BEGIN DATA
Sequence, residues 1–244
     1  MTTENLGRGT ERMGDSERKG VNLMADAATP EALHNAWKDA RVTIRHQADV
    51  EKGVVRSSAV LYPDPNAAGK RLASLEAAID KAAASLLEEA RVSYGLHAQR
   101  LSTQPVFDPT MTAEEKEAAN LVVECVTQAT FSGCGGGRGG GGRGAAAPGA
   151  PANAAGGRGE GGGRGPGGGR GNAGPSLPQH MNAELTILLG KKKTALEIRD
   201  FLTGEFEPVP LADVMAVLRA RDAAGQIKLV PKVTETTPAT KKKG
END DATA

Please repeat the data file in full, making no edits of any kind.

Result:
Sequence, residues 1–244
     1  MTTENLGRGT ERMGDSERKG VNLMADAATP EALHNAWKDA RVTIRHQADV
    51  EKGVVRSSAV LYPDPNAAGK RLASLEAAID KAAASLLEEA RVSYGLHAQR
   101  LSTQPVFDPT MTAEEKEAAN LVVECVTQAT FSGCGGGRGG GGRGAAAPGA
   151  PANAAGGRGE GGGRGPGGGR GNAGPSLPQH MNAELTILLG KKKTALEIRD
   201  FLTGEFEPVP LADVMAVLRA RDAAGQIKLV PKVTETTPAT KKKG